Black Pine Aphid / Cinara cronartii

Black Pine Aphid / Cinara cronartii
Cinara cronartii (Tissot & Pepper)
Sap sucking

Colonies develop on the the branches of pine trees and particularly near growing tips, where the bark is thin enough to allow the aphids to feed. High infestations may result in stunted shoot growth and die-off of the tops of trees and branches (Van Rensburg 1979). In stressed trees, infestations by the black pine aphid can lead to death of the tree. Aphids excrete honeydew from the sap they consume and because of this, sooty mould fungus grows on honeydew making the surface of the leaf appear black.

Both winged and wingless adults are greyish-black, pear-shaped, with generally dark appendages. They are soft bodied and approximately 2.6 - 4 mm long (Tissot & Pepper 1967).

The aphid has two morphs; Apterae and Alatae. Prelarviposition days are 2 and 4 for the respective morphs. Reproductive days are 17 and 13 days respectively, fecundities for the two morphs are 67 and 40, respectively. The larval development completes in 9 days at 23°C. The adult life spans are 21 and 19 days respectively (Van Rensburg 1981). The black pine aphid is a winter pest and spend summer on the roots of pine trees (Van Rensburg 1979).

Biological control using Pauesia cinaravora (Hymenoptera: Aphidiidae). The parasitoid was released in 1983 and has been effective in reducing black pine aphid populations in South Africa (Kfir et al. 2003). Chemical control is not considered a viable option as the costs of aerial sprays are prohibitive.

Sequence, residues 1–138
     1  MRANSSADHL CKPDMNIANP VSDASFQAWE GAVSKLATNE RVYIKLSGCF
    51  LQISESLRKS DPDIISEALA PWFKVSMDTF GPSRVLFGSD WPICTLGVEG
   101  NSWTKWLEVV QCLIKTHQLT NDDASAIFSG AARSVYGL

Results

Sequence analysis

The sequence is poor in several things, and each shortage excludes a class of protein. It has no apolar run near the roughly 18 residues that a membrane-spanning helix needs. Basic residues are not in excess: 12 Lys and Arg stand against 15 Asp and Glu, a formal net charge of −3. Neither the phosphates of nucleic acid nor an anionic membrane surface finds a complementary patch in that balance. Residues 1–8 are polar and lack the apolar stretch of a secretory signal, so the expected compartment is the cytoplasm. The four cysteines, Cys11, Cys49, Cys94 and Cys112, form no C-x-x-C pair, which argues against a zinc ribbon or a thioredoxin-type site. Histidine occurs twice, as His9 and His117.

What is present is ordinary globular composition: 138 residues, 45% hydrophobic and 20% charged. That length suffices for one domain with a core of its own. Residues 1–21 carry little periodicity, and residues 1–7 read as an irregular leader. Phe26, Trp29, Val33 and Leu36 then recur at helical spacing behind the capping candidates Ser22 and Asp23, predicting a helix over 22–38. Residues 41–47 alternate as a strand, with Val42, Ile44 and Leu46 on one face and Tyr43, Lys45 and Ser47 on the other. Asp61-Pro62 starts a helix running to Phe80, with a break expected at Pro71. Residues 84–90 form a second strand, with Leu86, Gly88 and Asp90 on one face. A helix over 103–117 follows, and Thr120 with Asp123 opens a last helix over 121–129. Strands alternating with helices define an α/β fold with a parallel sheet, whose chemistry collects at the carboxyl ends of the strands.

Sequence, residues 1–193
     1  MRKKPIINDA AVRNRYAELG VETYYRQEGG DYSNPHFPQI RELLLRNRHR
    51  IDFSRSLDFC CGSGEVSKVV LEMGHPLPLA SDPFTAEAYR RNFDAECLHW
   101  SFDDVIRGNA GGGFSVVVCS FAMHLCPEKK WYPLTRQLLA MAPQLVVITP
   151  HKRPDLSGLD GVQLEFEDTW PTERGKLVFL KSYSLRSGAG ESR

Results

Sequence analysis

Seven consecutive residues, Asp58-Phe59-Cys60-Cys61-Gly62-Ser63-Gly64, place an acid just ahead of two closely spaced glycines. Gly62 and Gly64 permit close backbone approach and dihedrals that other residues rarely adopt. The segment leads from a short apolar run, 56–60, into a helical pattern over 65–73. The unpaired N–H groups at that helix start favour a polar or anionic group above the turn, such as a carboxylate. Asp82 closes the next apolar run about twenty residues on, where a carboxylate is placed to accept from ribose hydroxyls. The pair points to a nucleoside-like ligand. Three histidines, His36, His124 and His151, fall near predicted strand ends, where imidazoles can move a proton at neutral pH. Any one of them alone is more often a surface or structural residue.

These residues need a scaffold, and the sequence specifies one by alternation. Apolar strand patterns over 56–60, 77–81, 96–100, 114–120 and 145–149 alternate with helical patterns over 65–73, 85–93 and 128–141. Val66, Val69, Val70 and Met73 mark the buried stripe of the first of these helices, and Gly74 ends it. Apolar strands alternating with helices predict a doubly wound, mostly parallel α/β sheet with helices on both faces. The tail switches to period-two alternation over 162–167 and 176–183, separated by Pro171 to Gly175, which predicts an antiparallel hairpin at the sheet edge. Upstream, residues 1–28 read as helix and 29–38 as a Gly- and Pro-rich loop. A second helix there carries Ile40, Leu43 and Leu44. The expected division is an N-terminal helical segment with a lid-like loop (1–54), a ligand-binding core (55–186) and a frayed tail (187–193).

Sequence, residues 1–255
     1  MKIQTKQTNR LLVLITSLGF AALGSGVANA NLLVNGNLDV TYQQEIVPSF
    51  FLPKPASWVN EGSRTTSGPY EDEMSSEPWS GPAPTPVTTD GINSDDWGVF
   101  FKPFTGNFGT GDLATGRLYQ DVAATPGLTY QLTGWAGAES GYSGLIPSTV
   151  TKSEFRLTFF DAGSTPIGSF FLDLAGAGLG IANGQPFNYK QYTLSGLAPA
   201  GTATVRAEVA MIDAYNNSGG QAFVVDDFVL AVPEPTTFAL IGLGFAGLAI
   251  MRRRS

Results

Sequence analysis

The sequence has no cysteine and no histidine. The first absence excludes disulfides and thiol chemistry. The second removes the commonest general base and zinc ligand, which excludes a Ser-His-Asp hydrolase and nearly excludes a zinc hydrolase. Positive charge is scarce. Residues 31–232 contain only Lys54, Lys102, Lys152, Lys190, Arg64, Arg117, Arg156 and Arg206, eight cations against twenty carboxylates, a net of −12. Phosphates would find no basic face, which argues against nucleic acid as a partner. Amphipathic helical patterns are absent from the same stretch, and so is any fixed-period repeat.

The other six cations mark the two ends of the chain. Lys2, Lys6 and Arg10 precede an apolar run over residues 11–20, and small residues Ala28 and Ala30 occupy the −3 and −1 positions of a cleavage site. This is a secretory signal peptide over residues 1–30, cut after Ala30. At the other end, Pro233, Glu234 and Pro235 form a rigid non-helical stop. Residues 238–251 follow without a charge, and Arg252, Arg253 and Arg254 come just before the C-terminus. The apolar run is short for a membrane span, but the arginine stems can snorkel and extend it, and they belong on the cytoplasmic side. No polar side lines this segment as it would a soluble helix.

1974 (van Rensburg 1979).
Mpumalanga, Kwazulu-Natal midlands and Limpopo, Northern Province (Day et al. 2003).
Pinus patula (Mexican weeping pine), Pinus taeda (Loblolly pine) and Pinus elliottii (Slash pine).
North America, Southeastern United States (Tissot & Pepper 1967).


Day, RK., Kairo, MT., Abraham, YJ., Kfir, R., Murphy, ST., Mutitu, KE. and Chilima, CZ. 2003. Biological control of Homopteran pests of conifers in Africa. Biological control in IPM systems in Africa. 101-112.

Kfir, R., Van Rensburg, NJ. and Kirsten, F. 2003. Biological control of the black pine aphid, Cinara cronartii (Homoptera: Aphididae), in South Africa. African entomology 11, 117-121.

Pepper, JO. and Tissot, AN. 1973. Pine feeding species of Cinara in the Eastern United States (Homoptera: Aphididae). Florida Agricultural Experiment Station Monograph 3, 159.

Tissot, AN. and Pepper, JO. 1967. Two new species of Cinara (Homoptera: Aphididae) associated with pine rust lesions. Florida Entomologist 50, 1-10.

Van Rensburg NJ. 1979. Cinara cronartii on the roots of pine trees (Homoptera: Aphididae). Journal of the Entomological Society of Southern Africa 42, 151-152.

Van Rensburg NJ. 1981. A technique for rearing the black pine aphid, Cinara cronartii T & P, and some features of its biology (Homoptera: Aphididae). Journal of the Entomological Society of Southern Africa 44, 367-379.